By Dr. Mark Knight, Doug Onishi and Jason Johnson
Canada’s water pipeline infrastructure is aging and deteriorating. According to the first Canadian Infrastructure Report Card 2012, the total replacement cost of drinking water systems is $68.6 billion. Water distribution and transmission pipelines account for over $50 billion, or 73% of the replacement value. The cost to replace Canada’s wastewater collection system is estimated at $70 billion, with pipelines accounting for approximately 79% of that.
Fixing, renewing and replacing this critical infrastructure is essential for Canada’s well-being and economic prosperity.
Trenchless technologies are a series of construction methods that have been developed to repair, renew and replace pipelines without the need for continuous excavations. Over the past 20 years these innovative construction techniques have grown in use. They have shown cost savings of up to 40%, when compared to open cut replacement, while reducing greenhouse gas emissions by 80% – 100%.
Founded in 1994, the Centre for Advancement of Trenchless Technologies (CATT) and its membership of university, municipal and industry representatives, are committed to the advancement of knowledge, materials, methods and equipment used in trenchless technologies. CATT’s efforts and activities include technology transfer initiatives, such as specialized training sessions, a biannual trenchless roadshow, research and material testing, development of trenchless specifications and industry networking.
CATT is also working to address the need for a standardized watermain defect coding and condition rating system. Generally, municipalities manage their watermain rehabilitation program based on break history, water quality improvement, or capacity needs, with no standardized methodology.
In 2013, the Water Research Foundation (WaterRF) put out a request for proposals to develop a potable water pipeline defect condition rating system. Dr. Mark Knight, executive director of CATT, Dr. Rizwan Younis, Dr.Yehuda Kleiner and others teamed up to win the assignment.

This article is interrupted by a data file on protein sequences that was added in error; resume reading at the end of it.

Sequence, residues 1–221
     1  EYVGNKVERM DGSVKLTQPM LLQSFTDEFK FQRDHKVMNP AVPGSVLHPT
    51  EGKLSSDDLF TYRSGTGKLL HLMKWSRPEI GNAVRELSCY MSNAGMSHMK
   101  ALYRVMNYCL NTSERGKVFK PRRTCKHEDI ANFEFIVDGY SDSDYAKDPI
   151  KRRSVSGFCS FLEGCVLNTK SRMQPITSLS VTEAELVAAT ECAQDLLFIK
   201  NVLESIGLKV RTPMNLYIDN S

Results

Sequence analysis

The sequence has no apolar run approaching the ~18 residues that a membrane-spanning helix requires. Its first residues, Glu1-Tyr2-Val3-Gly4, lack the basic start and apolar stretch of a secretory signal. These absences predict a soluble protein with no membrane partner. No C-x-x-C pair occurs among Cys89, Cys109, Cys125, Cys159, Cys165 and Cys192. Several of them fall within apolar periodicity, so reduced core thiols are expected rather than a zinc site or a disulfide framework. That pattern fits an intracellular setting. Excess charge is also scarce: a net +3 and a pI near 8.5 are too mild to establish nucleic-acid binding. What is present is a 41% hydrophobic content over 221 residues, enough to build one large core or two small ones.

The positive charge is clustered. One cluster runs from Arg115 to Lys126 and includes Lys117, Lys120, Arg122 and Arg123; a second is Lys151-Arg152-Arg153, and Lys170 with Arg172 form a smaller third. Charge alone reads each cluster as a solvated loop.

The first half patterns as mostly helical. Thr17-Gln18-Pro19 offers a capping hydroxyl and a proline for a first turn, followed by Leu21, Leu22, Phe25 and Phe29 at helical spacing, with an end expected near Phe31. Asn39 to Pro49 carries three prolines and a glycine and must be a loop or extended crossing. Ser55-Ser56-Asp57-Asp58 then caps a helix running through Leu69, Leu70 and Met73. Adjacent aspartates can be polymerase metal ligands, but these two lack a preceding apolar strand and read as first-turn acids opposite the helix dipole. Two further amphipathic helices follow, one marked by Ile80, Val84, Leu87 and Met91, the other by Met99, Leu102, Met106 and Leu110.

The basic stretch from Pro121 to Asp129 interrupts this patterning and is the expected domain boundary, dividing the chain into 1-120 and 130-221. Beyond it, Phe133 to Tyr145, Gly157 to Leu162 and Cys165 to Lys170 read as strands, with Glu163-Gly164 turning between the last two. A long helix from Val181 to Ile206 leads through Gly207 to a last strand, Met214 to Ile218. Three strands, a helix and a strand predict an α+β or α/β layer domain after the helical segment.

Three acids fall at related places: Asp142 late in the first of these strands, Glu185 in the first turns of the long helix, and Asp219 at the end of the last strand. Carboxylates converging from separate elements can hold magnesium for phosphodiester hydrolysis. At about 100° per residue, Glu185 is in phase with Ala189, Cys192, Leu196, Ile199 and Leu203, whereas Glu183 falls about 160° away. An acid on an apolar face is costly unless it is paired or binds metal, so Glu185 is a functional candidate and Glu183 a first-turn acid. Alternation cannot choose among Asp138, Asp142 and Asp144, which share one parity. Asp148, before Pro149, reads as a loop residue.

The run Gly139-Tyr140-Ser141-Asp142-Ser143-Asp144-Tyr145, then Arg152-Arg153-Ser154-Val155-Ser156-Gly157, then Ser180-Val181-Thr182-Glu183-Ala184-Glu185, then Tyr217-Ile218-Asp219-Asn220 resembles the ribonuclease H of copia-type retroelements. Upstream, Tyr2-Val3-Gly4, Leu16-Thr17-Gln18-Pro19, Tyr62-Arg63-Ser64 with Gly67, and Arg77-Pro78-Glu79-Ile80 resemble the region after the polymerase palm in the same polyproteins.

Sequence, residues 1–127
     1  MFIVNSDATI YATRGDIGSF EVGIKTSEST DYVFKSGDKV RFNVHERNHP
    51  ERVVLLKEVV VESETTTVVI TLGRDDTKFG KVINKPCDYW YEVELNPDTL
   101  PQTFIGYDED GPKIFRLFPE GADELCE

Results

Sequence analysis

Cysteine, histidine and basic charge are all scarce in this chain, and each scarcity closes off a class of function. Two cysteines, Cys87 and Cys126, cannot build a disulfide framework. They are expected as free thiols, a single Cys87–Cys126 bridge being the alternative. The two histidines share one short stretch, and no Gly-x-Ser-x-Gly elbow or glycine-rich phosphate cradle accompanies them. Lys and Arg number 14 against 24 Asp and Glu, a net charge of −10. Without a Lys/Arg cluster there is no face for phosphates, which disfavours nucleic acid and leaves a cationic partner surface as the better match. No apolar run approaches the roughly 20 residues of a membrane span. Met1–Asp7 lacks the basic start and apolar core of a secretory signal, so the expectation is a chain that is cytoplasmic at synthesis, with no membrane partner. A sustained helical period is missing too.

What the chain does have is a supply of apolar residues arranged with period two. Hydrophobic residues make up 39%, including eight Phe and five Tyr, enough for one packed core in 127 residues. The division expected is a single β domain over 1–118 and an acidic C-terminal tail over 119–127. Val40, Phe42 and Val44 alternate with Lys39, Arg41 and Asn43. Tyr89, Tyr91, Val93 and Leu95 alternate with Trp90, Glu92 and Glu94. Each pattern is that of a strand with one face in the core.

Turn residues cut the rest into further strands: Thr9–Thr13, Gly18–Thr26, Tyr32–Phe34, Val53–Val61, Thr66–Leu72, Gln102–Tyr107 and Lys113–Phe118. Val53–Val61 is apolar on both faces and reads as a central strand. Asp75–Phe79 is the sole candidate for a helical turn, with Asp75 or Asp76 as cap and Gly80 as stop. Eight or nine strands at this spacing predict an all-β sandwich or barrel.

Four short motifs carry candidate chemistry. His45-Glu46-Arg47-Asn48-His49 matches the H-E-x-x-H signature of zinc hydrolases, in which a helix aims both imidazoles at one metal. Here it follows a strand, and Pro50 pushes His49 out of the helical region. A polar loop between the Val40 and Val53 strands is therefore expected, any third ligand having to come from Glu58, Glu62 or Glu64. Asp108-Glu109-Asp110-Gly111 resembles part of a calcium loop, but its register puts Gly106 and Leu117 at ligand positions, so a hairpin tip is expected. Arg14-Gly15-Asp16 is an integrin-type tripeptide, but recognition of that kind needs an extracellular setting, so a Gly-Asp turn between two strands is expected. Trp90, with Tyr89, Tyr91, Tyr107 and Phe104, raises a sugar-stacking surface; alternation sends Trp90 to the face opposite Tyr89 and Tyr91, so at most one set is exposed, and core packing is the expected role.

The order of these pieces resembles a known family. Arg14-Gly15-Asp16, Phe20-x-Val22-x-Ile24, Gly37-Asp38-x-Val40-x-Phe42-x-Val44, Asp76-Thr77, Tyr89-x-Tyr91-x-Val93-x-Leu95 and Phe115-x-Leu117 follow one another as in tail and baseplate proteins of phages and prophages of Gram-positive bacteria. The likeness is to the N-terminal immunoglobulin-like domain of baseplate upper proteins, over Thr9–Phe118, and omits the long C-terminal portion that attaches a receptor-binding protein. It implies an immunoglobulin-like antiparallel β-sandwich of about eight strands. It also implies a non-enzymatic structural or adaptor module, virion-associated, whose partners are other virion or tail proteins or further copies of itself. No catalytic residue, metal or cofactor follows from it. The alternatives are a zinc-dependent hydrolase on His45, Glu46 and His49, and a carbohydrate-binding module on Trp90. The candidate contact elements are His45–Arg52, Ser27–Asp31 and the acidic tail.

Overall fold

The project’s goal is to develop an industry-accepted standard, which will allow all cities in North America to speak on common terms and to determine which pipes need to be fixed and when. It will also lay the foundation for North America’s water utilities to determine the real cost of the water infrastructure backlog and deficit, which is known to be increasing annually.
Also in 2013, CATT researchers Dr. Knight, Dr. Younis and Jason Johnson were awarded an Ontario Centre of Excellence and Natural Science Engineering Research Council grant for a “Novel Water Technology for Liveable Communities.” Under this grant the researchers are working with Envirologics to advance the “Tomahawk” waterless water-pipe cleaning technology, and to develop a new way to apply a water barrier coating to in situ water pipes.
This technology offers significant cost savings to water utilities for renovation and upgrades while at the same time allowing same day return to service.
Another area of research is water infrastructure asset management where Dr. Knight, Dr. Andre Unger, Dr. Carl Haas and their team of graduate student have been developing a system dynamics asset management tool with their industry partner cities of Waterloo, Cambridge and Niagara Falls.
To better understand the state of the trenchless industry CATT developed and conducted the first Canadian Annual Municipal Infrastructure Survey in 2013. The survey collected information from Canadian municipalities on construction renewal, financing of water, wastewater and stormwater pipelines. A total of 124 municipalities from several provinces participated.
The survey received input from larger, medium and smaller sized municipalities. Approximately 20% of the municipal participants have a population greater than 500,000, 23% have a population between 500,000 and 100,000, and 57% have a population less than 50,000. While staff training was noted by about 50% of the respondents to be very important, 40% of the respondents reported a training budget of less than $5,000. Respondents noted that open-cut construction methods are still the dominant method for water and wastewater pipeline renewal and construction.
Critical issues identified by the survey included:
- Improving water quality and flows, ensuring pipe integrity, and reducing water main leaks and breaks.
- Inflow/infiltration, flow capacity and root intrusion in wastewater pipelines.
- Flow capacity, surcharging, pipe collapse and infiltration in stormwater pipelines.